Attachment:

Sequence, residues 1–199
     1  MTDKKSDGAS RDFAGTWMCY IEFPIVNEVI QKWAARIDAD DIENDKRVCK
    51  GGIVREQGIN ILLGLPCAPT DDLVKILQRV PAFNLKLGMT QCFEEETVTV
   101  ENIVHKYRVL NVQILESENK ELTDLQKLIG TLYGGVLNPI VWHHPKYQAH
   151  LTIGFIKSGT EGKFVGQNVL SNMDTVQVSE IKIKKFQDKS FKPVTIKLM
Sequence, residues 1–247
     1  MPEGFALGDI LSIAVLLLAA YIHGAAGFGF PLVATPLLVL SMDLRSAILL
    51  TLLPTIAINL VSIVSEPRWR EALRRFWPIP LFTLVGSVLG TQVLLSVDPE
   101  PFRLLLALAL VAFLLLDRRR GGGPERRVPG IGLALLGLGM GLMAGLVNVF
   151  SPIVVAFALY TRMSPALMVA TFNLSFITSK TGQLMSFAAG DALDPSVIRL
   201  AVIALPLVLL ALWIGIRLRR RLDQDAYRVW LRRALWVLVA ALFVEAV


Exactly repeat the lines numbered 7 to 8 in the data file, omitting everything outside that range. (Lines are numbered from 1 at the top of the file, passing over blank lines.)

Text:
     1  MPEGFALGDI LSIAVLLLAA YIHGAAGFGF PLVATPLLVL SMDLRSAILL
    51  TLLPTIAINL VSIVSEPRWR EALRRFWPIP LFTLVGSVLG TQVLLSVDPE